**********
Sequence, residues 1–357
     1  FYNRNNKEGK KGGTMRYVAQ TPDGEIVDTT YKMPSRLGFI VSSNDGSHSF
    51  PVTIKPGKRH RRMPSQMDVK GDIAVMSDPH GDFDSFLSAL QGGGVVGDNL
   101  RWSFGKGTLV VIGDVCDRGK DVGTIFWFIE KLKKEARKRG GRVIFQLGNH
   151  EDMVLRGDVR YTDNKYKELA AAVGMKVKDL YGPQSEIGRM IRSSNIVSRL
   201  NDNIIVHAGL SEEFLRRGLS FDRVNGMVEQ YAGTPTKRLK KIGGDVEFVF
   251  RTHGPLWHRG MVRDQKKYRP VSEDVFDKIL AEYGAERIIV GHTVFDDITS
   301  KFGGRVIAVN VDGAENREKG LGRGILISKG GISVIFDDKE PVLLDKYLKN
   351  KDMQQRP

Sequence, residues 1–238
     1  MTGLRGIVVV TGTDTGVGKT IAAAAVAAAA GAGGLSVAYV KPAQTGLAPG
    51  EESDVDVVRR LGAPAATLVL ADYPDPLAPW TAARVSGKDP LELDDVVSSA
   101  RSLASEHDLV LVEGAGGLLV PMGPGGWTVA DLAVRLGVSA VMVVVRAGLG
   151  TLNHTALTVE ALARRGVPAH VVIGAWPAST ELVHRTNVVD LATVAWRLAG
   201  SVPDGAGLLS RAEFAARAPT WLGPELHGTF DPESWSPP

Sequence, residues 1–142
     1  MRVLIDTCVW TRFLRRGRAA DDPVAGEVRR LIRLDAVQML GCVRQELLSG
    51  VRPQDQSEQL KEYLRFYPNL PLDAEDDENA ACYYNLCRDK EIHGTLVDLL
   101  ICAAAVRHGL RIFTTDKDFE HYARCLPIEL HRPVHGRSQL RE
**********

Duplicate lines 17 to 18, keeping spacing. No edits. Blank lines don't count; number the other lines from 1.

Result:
     1  MRVLIDTCVW TRFLRRGRAA DDPVAGEVRR LIRLDAVQML GCVRQELLSG
    51  VRPQDQSEQL KEYLRFYPNL PLDAEDDENA ACYYNLCRDK EIHGTLVDLL